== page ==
Inga and Garry have a biodiversity plan and received funding from the Scottish Rural Development Programme to build their shed. They also took out a loan to build a 5-6 kilowatt wind turbine which generates more than enough electricity for their farm; they sell the surplus to the grid. Inga explains that they turned down a grant for the turbine to take advantage of the UK Government’s ‘Feed-In Tariff’, a payment for creating renewable energy. That Orkney has more turbines per area than anywhere in the UK comes as no surprise: it’s the perfect place for the European Marine Energy Centre, making Orkney now a world leader in wave/tidal power testing.
The Burtons were part of the Scottish Government’s Rural Stewardship Scheme in 2005/06. They established species-rich agricultural grassland, part of which still exists, the rest planted with barley which they feed to their pigs with a mineral mix. Self-sufficient in root vegetables, they grow swedes and potatoes for the pigs, and Inga says they will build another polytunnel. “It will probably be concreted in next time, and we will definitely get hens again, in a small enclosure,” says Inga.
Adapting productively to the needs of ecology, wind and the economy of their island (population about 22,000) has been important to Garry and Inga. Their produce feeds themselves as well as other islanders, many of whom also do two or three jobs, like the Scots featured charmingly in the 1983 film Local Hero. They like getting involved with the school and their resourceful community and everything’s only a few minutes drive away.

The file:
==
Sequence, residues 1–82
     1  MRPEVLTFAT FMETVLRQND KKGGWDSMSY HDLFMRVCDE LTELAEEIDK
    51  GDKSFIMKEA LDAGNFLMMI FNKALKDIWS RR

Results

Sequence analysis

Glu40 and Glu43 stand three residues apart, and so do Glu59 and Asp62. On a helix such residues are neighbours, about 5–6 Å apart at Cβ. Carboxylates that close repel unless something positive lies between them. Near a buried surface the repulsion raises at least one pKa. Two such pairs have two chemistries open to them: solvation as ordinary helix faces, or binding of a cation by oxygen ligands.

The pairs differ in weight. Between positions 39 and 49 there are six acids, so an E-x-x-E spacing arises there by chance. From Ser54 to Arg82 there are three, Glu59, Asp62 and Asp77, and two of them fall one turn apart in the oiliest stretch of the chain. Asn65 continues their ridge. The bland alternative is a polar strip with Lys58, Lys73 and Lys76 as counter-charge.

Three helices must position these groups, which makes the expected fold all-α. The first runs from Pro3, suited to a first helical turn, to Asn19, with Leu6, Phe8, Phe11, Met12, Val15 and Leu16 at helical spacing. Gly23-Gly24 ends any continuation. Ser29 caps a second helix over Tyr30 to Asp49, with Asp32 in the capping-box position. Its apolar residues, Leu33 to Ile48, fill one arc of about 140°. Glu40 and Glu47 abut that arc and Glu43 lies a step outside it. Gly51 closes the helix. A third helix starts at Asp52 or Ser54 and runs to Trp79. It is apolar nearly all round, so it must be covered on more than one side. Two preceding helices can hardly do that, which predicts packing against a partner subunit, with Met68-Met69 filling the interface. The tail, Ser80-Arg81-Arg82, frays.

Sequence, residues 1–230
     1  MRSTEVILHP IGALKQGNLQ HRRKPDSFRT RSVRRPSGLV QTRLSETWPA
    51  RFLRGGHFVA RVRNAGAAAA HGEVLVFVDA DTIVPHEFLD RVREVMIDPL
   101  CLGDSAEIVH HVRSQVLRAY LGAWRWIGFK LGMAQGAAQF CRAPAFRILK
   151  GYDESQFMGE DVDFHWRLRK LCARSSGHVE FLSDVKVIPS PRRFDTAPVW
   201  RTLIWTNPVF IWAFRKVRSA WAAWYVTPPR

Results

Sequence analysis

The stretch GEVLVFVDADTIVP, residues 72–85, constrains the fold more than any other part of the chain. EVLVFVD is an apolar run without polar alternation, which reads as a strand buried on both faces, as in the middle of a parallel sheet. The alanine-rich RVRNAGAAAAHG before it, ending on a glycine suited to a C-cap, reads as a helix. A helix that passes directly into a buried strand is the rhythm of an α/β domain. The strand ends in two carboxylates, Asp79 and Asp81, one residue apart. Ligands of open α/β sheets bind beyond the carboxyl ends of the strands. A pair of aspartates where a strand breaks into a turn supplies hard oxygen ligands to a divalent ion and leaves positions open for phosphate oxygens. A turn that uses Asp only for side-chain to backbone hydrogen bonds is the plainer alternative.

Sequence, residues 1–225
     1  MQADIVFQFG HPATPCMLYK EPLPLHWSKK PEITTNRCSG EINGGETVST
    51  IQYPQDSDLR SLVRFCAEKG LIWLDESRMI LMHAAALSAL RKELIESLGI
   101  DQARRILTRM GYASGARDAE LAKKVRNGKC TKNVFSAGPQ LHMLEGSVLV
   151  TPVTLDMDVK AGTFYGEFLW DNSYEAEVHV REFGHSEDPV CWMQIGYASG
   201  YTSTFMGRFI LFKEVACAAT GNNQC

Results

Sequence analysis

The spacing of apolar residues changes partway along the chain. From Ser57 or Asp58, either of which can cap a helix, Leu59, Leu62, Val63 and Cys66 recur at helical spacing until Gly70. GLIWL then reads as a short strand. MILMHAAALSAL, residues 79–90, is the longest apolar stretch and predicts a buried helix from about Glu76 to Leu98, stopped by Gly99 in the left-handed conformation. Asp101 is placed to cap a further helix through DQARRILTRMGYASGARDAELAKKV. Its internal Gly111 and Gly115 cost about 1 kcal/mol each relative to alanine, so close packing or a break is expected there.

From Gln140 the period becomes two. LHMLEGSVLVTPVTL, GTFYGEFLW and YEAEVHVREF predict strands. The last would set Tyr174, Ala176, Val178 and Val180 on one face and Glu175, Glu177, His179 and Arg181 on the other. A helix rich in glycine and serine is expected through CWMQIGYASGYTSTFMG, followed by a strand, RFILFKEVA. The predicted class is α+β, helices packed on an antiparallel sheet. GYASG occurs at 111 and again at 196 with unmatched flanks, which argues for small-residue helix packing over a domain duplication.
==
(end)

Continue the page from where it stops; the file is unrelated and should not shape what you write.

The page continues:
While dropping some plans such as the too-time-consuming-with-children hog-roasting machine, the Burtons have become canny islanders, swapping various cuts of pork for beef farmed by friends down the road, one a scallop diver. They also decide what work they do themselves. Garry bought a tractor for general farm work but they pay contractors to cut and bale silage (using the grass), plant and sow fields with barley, which is feed to their pigs and cattle and the straw used as bedding for their livestock.
Their pork has received compliments from the public and butchers. Inga says that rare breeds will always have more fat on them but they realise they are learning all the time about understanding animals, what and how much to feed them, to try and ensure that the pigs’ dead weight is about 65kg. “We are trying to ensure that we at least break even, which is a challenge, but we love being outdoors, and you get a huge appreciation of the amount of work involved in farming,” says Inga.
They feel passionate about the careful integrating they do on the island and see it as social and environmental as well as practical. “We have a biodiversity project we get financial support for,” Inga says, “with a five-year plan showing how a wider range of native animals and the habitats they need can be established and conserved.”
Orkney is lucky to have them. They are part of a community and love every moment of it, with Inga freely admitting that “it’s hard not to put your hand up to help for all sorts of things”. Garry adds that after sitting at a desk it is nice to come home to do physical work. If the kids aren’t swimming or out in the shed while their dad cleans it out, there are plenty of diversions that have them charging hither and thither; but there’s always the quietness of home. One evening I rang they were about to have a traditional Scottish Burns night supper of haggis (which Inga explained is a boiled mixture of oatmeal and offal) and clapshot, a traditional Orkney dish of “mashed tatties and neeps [swede] with plenty of butter” – all local produce and all helping the wheels of their busy island go round and round.